Once McDonalds tapped into the licensed Happy Meal toy idea, however, the suits pretty much left Ronald and his McDonaldland pals in the dust and watched the money roll in. You can't really blame them, I mean what's going to get more kids begging for burgers: a beloved star of film and television or a bunch of deformed misfits whose every waking moment is spent in the pursuit of sodium-laced meat and spuds? You have chosen correctly. If I know my happy meal history the first licensing was done for Star Trek: The Motion Picture in 1979, but since I wasn't around at that point the first characters I experienced jumping from the TV screen to my Happy Meal were the Muppet Babies.
I was hopelessly devoted to this show. In fact most of my surviving childhood taped-off-TV-VHS tapes are made up of Muppet Babies episodes. Even as a kid I appreciated the quality of these figures, the likenesses were spot-on and each one had a nice heft to it (kid translation: Heavy = Quality). I only owned Kermit, Fozzy and Gonzo (my favorite) but that was fine because Kermit's skateboard and Gonzo's big wheel were the best vehicles anyway. The toys were about the same size at the Smurf figurines, so it was fun to have a Smurf/Muppet Babies crossover every once and a while. I just realized Gonzo was blue and so were the Smurfs! I wonder if Weirdos were an offshoot of the Smurf race that got banished from the village because they were hogging Smurfberries which led to a vengeful sneak attack in the middle of the night, decimating the once peaceful Smurf village.
Take that Papa Smurf! But getting back to the topic at hand, with Disney re-releasing their classic films in theaters for the new generation to enjoy, it was only a matter of time before toys of their beloved characters began showing up the Golden Arches.
The first Disney film toys I remember were inspired by that forest-burning classic, Bambi. I had been reading (well, had read to me) a giant Bambi storybook for years so I knew what it was all about, I didn't need no movie to tell me how to play with these figures. I got down to the local McDonalds lickety-split (we just don't do enough things lickety-split these days) and collected the whole series.
It always struck me as odd that they bothered to mold two different Thumpers but no Bambi's Mom. I mean, it could have had a feature where when you put it in cold water the figure color changed to black simulating her charred corpse-Think, Ronald, Think! What they really should have done was produce the two fighting deers that bash their heads together and had break away antler action-SWEET! But what we got was okay too. Like the Muppet Babies these figures were also pretty solid and didn't break easily. They were however given to melting, which is what ended up being their ultimate fate as I tortured Bambi and friends with makeshift bonfires in a pie tin...precious memories.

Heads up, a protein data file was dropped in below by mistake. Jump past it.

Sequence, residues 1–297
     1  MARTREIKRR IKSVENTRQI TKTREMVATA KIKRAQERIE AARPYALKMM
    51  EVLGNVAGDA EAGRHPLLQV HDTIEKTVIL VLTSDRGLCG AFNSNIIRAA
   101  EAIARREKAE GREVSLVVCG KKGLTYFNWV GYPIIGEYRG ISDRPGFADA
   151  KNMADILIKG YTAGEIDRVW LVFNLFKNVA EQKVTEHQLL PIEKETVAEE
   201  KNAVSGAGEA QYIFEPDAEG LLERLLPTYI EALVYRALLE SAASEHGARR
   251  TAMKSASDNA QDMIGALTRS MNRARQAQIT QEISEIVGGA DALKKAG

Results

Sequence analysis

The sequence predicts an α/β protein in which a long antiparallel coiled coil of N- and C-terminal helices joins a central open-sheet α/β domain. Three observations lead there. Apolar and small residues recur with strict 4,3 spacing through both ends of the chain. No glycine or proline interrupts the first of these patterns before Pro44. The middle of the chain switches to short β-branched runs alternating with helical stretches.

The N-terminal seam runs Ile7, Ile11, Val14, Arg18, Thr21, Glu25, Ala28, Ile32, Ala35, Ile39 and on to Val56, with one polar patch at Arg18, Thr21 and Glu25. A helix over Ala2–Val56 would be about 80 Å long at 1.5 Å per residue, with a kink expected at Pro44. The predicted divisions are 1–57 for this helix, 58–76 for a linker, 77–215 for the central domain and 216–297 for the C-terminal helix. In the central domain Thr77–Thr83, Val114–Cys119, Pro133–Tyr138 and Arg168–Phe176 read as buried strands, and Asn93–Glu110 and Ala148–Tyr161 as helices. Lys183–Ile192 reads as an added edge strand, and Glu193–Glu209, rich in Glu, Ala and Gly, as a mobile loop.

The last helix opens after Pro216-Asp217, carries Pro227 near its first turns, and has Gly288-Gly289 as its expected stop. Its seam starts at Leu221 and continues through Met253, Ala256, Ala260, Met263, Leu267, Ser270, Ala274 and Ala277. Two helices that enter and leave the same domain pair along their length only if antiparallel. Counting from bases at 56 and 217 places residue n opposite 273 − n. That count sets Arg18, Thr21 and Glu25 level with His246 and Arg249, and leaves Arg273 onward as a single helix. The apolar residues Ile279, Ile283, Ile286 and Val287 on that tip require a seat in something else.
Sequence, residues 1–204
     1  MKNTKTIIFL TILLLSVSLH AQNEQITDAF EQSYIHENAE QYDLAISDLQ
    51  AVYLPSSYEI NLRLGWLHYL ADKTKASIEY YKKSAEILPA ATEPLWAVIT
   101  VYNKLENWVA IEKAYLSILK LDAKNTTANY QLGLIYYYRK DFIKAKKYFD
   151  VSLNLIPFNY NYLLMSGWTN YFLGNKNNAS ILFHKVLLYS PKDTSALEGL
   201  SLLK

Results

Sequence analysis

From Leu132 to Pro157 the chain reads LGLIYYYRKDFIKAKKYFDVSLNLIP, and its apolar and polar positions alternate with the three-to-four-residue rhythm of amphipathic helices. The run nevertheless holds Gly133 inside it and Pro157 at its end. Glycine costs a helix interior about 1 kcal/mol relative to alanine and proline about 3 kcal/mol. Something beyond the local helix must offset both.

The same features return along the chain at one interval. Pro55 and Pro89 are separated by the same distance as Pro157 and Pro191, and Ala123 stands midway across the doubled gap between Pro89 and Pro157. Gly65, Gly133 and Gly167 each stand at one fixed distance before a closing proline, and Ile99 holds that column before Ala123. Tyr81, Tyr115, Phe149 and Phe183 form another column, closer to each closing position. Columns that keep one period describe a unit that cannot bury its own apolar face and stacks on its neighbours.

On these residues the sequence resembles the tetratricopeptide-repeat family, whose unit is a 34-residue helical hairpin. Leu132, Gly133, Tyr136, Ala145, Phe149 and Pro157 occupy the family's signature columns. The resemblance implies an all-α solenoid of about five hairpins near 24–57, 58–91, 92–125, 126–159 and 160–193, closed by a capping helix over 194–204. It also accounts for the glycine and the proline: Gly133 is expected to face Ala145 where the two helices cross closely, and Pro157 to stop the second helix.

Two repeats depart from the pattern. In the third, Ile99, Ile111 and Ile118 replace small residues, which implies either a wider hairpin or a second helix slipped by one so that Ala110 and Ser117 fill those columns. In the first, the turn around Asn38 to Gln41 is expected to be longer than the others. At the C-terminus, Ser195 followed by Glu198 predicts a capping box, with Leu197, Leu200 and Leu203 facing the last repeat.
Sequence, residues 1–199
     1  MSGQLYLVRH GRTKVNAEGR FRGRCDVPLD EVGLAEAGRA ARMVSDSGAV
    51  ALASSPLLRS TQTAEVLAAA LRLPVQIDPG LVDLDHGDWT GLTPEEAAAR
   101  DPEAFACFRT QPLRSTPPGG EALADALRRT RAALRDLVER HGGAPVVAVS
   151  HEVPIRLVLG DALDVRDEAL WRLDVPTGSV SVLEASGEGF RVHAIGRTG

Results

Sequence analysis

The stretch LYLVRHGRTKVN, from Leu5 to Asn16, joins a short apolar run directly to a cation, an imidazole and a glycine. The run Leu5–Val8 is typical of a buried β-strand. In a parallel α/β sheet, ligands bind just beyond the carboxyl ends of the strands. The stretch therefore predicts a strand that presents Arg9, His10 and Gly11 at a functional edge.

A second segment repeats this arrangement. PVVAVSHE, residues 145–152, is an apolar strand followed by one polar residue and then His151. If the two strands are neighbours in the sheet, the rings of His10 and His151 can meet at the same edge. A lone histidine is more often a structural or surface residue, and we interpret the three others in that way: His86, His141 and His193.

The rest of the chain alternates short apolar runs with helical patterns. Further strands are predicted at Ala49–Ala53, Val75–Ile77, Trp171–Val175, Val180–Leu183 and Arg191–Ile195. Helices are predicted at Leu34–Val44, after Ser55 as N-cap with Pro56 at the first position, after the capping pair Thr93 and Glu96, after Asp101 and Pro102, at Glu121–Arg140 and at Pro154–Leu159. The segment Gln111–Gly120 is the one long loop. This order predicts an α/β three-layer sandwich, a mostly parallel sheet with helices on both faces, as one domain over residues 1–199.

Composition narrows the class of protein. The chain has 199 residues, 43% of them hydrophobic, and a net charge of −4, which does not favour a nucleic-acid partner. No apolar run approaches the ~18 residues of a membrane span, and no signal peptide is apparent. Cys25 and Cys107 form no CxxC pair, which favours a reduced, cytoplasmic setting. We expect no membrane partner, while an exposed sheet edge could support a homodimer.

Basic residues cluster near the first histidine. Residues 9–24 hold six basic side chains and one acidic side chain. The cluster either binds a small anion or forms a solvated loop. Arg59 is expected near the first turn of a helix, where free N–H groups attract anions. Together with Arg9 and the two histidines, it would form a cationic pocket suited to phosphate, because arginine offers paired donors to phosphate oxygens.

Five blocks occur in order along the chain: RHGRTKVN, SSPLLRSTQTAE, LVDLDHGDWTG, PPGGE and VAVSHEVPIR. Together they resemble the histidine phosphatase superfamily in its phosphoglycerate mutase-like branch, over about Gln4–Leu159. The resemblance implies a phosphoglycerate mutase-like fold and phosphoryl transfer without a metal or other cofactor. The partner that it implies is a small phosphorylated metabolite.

I'd have to say my favorite Happy Meal toy of all time received my neverending praise simply because it tread ground that expanded the reaches of my imagination. I distinctly remember the details of the night I obtained this treasured prize. Our usual McDonalds was a Sherlock Holmes themed restaurant, that is, it had faux Sherlock memorabilia in display cases and framed movie stills from silver screen incarnations of the famous detective. It also had a nice play place filed with Ronald McDonald and Apple Pie Tree statues, as well as ride-on creatures that looked like Hamburger Horses and Fry Guys. But by 1991 a new theme was all the rage: 50's Diners!
We had been driving by the Doo-Wop era MickeyD's for a few weeks and I was dying to go inside and check it out, but Mom was a little slow on the uptake (or maybe I wasn't whining loud enough). So I had to wait until one night after school when I was hanging out with my friend Erik playing with G.I. Joes in his waterfall Jacuzzi (a totally awesome playset!). Erik's Mom must have picked up on my telepathic messages about McDonalds and said she was going to take us out for dinner-YES!
As we walked in I remember the gleaming white of the ceramic countertops and floors blinded me while a model of a classic 50's car-hop diner in a glass case kept me mesmerized. It was quite a contrast to the natural wood paneling and dingy atmosphere of "McSherlocks". We soon got our Happy Meals and even though I was already overjoyed at having witnessed the inner sanctum of my McMystery, I was even more elated by what I pulled out of the brightly colored cardboard cube.
It was The Flash, my favorite super hero of the moment due to his recent TV show! Something was wrong, though. The Flash was looking a little tubby...and hairy. This wasn't the regular Scarlet Speedster I knew and loved, it was TAZ-FLASH!
Some creative genius had managed to merge the Looney Toons with classic, DC Comics heroes! Erik got Bat-Duck, which was Daffy mixed with Batman and by the packaging we could tell that Bugs Bunny had been spliced with Superman to create Superbugs and the previously unknown Petunia Pig had traded clothes with Wonder Woman to create Wonder Pig. They even came with individual comics to explain their new personas. It was awesome!
Although there are dozens more Happy Meal Toys I remember playing with over my lifetime, none shown brighter that those Super Looney Toons. Way to double your exposure Warner Brothers and thanks for the memories.